How many carboxyl groups does an average molecule of humic-like substances contain?
Eötvös University, Institute of Chemistry, Budapest, Hungary
Abstract. The carboxyl groups of atmospheric humic-like substances (HULIS) are of special interest because they influence the solubility in water, affect the water activity and surface tension of droplets in the air, and allow formation of chelates with biologically active elements. Experimentally determined abundances of the carboxyl group within HULIS by functional group analysis are consistent with our knowledge on the average molecular mass of HULIS if the number of dissociable carboxyl groups is assumed to be rather small. The best agreement between the average molecular mass derived from the existing abundance data and the average molecular mass published earlier occurs for assuming approximately one dissociable carboxyl group only. This implies that HULIS can not be regarded as polycarboxilic acid in diluted solutions. The average molecular mass of HULIS derived from our electrochemical measurements with the assumption of one dissociable carboxyl group or equivalently, one dissociable sulphate ester per molecule ranges from 250 to 310 Da. It was concluded that HULIS are a moderately strong/weak acid with a dissociation constant of about pK=3.4, which fits well into the interval represented by fulvic and humic acids. The mean number of dissociable hydrogen (i.e. of carboxyl groups and sulphate esters jointly) in HULIS molecules was refined to be between 1.1 and 1.4 in acidic solutions.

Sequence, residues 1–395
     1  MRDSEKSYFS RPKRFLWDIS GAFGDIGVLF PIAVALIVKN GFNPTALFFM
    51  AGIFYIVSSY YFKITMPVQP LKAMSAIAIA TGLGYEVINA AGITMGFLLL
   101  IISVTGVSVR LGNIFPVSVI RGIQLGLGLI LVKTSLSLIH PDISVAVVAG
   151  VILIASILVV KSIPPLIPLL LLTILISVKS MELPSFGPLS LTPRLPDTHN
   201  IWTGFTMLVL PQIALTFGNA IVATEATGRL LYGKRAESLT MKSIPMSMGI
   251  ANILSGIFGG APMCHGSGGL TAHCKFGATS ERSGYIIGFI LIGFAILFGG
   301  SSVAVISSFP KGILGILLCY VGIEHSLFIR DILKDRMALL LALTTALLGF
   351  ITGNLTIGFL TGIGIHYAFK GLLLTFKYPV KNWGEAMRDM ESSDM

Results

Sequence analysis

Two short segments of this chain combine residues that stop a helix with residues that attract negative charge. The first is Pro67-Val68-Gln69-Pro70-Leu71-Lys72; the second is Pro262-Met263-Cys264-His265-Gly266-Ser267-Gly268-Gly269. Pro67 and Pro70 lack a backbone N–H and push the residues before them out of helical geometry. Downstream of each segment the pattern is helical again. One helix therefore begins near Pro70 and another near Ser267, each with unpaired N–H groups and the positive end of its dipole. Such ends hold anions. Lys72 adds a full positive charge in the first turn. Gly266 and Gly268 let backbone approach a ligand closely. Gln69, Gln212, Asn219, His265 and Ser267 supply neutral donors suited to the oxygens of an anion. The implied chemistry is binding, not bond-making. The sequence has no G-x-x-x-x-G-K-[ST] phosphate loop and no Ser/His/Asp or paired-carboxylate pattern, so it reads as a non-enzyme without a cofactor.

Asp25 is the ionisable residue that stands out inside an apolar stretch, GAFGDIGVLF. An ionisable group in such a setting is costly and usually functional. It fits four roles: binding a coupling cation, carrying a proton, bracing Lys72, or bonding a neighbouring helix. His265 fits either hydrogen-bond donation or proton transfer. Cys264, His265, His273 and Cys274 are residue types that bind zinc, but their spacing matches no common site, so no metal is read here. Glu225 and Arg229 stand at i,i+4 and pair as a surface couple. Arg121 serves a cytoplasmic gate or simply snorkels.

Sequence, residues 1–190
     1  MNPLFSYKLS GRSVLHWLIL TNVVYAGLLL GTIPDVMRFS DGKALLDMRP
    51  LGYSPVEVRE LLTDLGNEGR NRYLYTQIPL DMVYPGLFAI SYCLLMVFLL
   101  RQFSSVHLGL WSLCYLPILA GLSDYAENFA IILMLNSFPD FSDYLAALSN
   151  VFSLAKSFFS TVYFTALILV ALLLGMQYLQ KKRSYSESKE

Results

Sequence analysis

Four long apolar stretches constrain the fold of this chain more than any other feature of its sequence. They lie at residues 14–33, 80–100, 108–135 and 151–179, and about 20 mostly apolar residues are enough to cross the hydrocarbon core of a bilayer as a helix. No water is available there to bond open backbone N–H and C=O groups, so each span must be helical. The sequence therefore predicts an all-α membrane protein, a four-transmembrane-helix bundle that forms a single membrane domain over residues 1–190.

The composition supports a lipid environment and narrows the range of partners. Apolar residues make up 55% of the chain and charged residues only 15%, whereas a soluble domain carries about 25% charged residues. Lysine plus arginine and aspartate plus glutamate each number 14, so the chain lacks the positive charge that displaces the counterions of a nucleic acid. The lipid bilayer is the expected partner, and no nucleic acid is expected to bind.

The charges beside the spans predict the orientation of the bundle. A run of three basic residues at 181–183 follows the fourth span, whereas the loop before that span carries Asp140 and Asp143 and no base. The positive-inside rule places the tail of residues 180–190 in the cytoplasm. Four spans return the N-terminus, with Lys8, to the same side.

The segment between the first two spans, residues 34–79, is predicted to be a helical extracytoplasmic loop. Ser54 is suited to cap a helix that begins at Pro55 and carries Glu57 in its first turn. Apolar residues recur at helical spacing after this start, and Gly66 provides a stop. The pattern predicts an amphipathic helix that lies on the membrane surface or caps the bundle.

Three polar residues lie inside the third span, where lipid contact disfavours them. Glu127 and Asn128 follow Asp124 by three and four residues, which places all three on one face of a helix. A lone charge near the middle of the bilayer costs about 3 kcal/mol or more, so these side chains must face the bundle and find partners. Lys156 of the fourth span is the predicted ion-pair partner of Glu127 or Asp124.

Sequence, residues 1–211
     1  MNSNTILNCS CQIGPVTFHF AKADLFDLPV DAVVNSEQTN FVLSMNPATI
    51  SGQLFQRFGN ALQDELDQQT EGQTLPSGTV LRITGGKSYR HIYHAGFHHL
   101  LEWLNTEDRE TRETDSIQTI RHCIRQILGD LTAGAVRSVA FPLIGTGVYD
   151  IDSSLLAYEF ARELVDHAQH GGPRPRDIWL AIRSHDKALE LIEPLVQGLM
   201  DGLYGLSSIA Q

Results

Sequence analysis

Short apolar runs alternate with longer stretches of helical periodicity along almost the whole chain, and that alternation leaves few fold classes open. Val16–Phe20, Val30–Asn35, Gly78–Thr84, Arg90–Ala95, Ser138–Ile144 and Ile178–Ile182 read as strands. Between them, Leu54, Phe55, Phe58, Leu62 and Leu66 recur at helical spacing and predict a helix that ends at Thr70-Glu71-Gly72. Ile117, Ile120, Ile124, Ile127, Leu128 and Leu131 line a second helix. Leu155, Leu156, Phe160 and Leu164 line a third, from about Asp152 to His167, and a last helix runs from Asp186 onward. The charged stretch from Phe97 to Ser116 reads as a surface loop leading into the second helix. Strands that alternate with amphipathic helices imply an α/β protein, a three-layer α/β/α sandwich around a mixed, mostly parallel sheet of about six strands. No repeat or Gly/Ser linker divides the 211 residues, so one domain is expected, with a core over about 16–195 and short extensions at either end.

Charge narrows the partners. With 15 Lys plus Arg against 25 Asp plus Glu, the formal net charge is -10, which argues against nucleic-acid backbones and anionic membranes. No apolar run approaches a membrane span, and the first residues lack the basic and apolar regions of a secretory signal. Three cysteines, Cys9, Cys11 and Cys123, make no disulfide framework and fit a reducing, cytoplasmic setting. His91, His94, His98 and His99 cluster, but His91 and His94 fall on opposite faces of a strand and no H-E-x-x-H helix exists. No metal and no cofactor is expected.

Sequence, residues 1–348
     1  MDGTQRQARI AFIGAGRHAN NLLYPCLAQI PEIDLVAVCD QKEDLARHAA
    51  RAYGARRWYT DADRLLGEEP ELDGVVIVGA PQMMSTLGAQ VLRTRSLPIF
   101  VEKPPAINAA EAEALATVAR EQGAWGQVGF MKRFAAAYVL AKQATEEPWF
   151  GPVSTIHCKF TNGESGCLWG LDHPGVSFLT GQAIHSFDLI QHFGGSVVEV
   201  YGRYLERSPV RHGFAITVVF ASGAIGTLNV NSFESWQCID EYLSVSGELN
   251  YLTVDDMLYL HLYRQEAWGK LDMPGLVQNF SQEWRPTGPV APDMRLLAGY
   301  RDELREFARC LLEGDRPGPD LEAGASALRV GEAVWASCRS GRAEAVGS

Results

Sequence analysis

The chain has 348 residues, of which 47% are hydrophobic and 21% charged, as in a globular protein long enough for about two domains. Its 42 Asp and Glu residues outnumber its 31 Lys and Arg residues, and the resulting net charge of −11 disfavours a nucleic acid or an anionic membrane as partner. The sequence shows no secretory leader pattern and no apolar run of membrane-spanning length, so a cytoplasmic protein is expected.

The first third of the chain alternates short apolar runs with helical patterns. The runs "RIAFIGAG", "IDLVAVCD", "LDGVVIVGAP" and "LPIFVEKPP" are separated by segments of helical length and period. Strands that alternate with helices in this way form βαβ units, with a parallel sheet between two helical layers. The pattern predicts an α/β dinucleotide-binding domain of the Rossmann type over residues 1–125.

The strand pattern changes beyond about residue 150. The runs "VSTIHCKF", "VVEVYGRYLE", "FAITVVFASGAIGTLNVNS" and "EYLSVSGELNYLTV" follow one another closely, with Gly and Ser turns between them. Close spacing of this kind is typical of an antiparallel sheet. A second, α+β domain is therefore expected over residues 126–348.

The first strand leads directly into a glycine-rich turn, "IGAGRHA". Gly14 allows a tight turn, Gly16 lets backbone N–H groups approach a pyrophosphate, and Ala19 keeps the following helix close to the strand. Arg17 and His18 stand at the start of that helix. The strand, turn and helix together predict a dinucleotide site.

Salma, I. and Láng, G. G.: How many carboxyl groups does an average molecule of humic-like substances contain?, Atmos. Chem. Phys., 8, 5997-6002, doi:10.5194/acp-8-5997-2008, 2008.